Moroccan blueberry producer African Blue is spreading supply of its key varieties with strong volumes heading to Britain where consumers are “crazy” for the premium fruit.
Around 40% of African Blue’s blueberry production goes to the UK, including the main variety Kirra as well as Arana, noted for its larger size and excellent bloom.
“The difference is the timing and those (Arana) are a little bit bigger. Kirra is our main variety but all of them are very tasty and very crunchy,” Weizman told PBUK at the African Blue stand during Fruit Logistica.
“We work on two special aspects; first of all in terms of quality, we concentrate of premium quality at all times. We don’t pack any fruit that is not edible or of extremely high quality. If you look at our punnets, you will always see excellent premium berries inside.”
“Another good test for quality is that we always have a good bloom on the fruit. These aspects are highly appreciated by consumers all over the world, particularly in the UK.”
Weizman explains the significance of the UK market, saying African Blue could ramp up volumes which would easily be absorbed by Britain, but the berry specialists have to diversify supply for a “good spread around the world.”
“As opposed to other customers, like those in Chile and elsewhere, they are not so much concerned with such high quality so this helps us to stand out.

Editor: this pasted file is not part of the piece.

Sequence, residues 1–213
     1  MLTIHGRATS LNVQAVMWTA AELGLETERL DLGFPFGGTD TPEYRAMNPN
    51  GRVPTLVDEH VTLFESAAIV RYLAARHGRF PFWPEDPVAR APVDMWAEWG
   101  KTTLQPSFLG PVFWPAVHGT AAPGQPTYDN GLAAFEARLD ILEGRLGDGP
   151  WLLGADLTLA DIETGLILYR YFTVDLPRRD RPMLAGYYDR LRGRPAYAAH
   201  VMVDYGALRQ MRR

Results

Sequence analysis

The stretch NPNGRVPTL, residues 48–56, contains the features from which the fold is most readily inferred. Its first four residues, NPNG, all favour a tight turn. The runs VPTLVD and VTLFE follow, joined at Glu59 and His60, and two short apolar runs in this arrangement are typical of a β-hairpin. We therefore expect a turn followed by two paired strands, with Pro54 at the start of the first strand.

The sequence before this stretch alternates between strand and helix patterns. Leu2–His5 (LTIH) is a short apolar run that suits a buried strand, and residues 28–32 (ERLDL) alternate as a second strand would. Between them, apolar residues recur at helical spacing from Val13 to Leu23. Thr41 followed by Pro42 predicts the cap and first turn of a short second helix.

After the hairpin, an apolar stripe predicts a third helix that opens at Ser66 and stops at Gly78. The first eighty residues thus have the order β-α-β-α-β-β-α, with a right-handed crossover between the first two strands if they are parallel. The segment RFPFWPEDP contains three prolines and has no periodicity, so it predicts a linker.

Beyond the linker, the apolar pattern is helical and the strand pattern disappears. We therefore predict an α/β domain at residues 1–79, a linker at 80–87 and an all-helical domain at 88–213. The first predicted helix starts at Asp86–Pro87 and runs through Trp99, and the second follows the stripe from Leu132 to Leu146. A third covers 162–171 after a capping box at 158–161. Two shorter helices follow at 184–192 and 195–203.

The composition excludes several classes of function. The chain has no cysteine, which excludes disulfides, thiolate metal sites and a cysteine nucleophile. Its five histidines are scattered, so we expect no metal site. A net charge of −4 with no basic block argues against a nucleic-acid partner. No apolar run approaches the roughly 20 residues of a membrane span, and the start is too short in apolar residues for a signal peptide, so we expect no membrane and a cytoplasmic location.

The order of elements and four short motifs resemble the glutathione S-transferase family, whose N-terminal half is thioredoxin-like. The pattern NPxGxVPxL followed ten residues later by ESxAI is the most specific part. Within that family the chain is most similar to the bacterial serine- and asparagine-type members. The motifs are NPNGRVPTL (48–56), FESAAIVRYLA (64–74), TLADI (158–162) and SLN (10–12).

“For us the UK market is very important and around 40% of our production is sold there, not because we cannot sell more but because we also want to sell in other countries and not to put all of our berries in one basket.
“The British market is absolutely crazy about our varieties as they recognise the premium quality and excellent taste. UK consumers love them and cannot get enough of them. The berry category is now considered number one in the UK so there is huge potential for now and the years to come.”
African Blue uses varieties from Australia’s Costa Group which owns 49% of the company; the rest is owned by Weizman himself and Ireland-based powerhouse Total Produce has a 10% share.
Created in 2007 in Morocco, African Blue initially concentrated on exports to the EU but has since expanded in Russia and Asian countries. Weizman adds how new markets are still being explored across Europe, including Agia.
There is more than 300 hectares of land under production with a development plan to reach 400 hectares by 2018.
“More and more growers are coming on board these days since the boom in blueberries the next five years or so will be very interesting for the category,” adds Weizman.